Lean Enterprise Part 2
The lean transformation is directed by guiding tenets such as:
Positive, clear communications
The Lean change effort defines the tools and principles that determine how all aspects of a business operate from sales through distribution. As a result, the right environment for all the competitive elements of quality, design, production, procurement, service and delivery are addressed consistently. Typically, we see benefits to the business like space saving of 50-80%, inventory reductions of up to 90%, reduction of lead-time by 50-75% and quality improvements of up to 300%. In order to be successful, we must follow a rigid-disciplined process. Depending on "low-hanging fruit" opportunities, savings can be realized in several months and have an immediate impact to the bottom line. However, one must be committed for the long run as some change efforts can take as long as 2 years (especially those centered around changing corporate culture).
"Value Stream Mapping" is from the book Learning to See, by James Womak
The transformation starts with (1) identifying the need for change, (2) communicating that need for change, (3) defining the "value stream" current and future, (4) identifying those changes which address the need for change and solve the situation at hand (5) developing change plans (6) measuring the results and (7) going back to 1 and starting over.
While there is no fail-safe method for a successful transformation, following a regimented approach is the best advice. When programs do fail, many of the reasons can be traced to a few common themes. Some of these pitfalls of implementing lean are:
Not involving the people whom will actually do the work
Lean is intolerant of failure, failure of suppliers, processes, people to perform, machines to operate and most important, uninspired leadership. As you streamline the value chain, disruptions to your process will immediately halt your ability to meet customer demands. While this is not desirous, it does allow us to focus in on the issues and solve them, as these islands of lead-time no longer hide them.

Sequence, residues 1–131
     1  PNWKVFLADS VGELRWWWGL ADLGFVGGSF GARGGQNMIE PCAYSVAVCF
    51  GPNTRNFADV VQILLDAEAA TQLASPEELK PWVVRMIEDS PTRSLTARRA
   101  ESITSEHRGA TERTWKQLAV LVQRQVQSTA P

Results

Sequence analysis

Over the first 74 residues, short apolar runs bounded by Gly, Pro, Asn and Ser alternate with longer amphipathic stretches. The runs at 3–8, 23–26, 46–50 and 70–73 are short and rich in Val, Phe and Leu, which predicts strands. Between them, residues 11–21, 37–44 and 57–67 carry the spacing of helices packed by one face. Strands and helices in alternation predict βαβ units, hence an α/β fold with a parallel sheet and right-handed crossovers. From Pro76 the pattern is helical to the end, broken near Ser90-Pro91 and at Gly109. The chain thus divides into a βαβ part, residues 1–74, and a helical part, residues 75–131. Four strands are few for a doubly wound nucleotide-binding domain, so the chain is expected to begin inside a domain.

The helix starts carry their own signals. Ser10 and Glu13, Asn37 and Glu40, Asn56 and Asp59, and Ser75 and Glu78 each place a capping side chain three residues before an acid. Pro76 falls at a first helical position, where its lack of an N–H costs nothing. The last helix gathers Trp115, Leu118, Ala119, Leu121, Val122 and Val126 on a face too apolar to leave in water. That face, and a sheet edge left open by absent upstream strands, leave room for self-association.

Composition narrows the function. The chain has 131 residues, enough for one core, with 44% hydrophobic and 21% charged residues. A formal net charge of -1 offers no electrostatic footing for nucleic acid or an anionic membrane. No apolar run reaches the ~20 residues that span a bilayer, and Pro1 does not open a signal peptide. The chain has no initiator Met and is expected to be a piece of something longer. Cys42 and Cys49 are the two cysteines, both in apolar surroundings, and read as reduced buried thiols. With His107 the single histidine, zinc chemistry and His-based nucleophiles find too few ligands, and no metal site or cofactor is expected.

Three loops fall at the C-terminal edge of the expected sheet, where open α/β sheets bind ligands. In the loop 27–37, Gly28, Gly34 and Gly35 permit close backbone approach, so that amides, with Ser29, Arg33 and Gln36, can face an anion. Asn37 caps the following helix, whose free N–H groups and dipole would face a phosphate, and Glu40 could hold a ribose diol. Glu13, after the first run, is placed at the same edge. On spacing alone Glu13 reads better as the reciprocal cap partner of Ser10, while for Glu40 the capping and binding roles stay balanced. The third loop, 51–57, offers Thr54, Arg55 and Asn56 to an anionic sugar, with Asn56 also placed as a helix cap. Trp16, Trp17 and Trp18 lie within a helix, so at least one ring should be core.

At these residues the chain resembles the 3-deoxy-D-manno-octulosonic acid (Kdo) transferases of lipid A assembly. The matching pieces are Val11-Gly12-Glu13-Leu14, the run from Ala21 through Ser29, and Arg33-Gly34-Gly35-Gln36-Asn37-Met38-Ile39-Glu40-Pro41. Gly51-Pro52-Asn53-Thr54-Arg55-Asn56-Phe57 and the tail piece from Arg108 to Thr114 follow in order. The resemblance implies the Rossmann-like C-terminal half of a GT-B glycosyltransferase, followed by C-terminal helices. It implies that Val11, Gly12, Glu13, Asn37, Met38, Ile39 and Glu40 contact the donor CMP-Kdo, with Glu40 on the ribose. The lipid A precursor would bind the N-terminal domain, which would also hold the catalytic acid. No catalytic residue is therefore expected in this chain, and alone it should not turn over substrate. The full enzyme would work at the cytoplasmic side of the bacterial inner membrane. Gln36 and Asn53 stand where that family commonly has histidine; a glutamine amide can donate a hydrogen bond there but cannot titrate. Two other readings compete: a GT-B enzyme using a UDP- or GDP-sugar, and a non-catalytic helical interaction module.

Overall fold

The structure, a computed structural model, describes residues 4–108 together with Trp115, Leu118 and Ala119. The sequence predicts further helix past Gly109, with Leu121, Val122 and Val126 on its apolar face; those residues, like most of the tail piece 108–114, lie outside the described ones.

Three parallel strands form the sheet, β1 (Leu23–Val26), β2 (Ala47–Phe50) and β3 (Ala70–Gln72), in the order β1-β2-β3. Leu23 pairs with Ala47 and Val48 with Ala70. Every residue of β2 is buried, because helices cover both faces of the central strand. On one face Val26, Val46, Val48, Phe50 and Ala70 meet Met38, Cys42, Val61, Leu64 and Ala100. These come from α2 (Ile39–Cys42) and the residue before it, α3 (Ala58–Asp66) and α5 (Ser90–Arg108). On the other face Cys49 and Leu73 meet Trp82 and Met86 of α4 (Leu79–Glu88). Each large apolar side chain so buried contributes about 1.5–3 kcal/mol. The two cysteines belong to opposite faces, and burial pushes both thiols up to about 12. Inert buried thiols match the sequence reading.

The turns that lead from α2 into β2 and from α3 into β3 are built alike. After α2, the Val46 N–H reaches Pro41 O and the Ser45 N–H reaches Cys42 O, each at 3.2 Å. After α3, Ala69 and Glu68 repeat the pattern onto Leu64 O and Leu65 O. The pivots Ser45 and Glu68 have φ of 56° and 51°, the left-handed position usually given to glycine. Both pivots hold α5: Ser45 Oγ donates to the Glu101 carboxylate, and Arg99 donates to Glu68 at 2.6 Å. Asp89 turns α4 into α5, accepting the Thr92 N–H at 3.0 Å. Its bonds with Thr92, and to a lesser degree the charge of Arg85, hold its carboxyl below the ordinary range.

The goal is to develop a sustained and uninterrupted flow of value to the customer by effectively converting raw materials (or knowledge) to finished goods (or services) across the entire supply chain.
We believe that Lean Principles can be applied to any environment (high/low volume, high/low mix, job shops, continuous flow and traditional batch facilities) even regulated environments like Pharmaceuticals, Biotech's and Medical Devices. Every system or process contains waste. Every firm (from manufacturing to distribution to service-related) contains activities that add no value to the customer. The tools and techniques used will depend on specific situations and needs. Lean is a holistic approach to reduce waste in the value stream of any process. Like any other paradigm, Lean requires constant attention and commitment, every day of every week of every month of every year. It is a never-ending effort. Toyota went lean over thirty years ago and is still at it.
For question or comments relating to the article or lean tools and techniques, please email authors.
VIP is an operations improvement consulting firm specializing in the delivery of value through implementation of Lean Manufacturing and Supply Chain Management tools and techniques in a variety of industries from discrete parts to continuous flow, from distribution to assembly, from aerospace to pharmaceuticals. We have enjoyed equal success deploying these tools and techniques in non-traditional settings like offices, regulated environments and retail settings.
Patrick A. Lucansky is President of Value Innovation Partners, Ltd, a Certified Management Consultant through the IMC, teaches operations/ lean courses at the BA/MBA levels Plucansky@vipgroup.us.
Remember, techniques get you there, principles keep you there.
This article was originally published in the January Issue of PharmaChem Magazine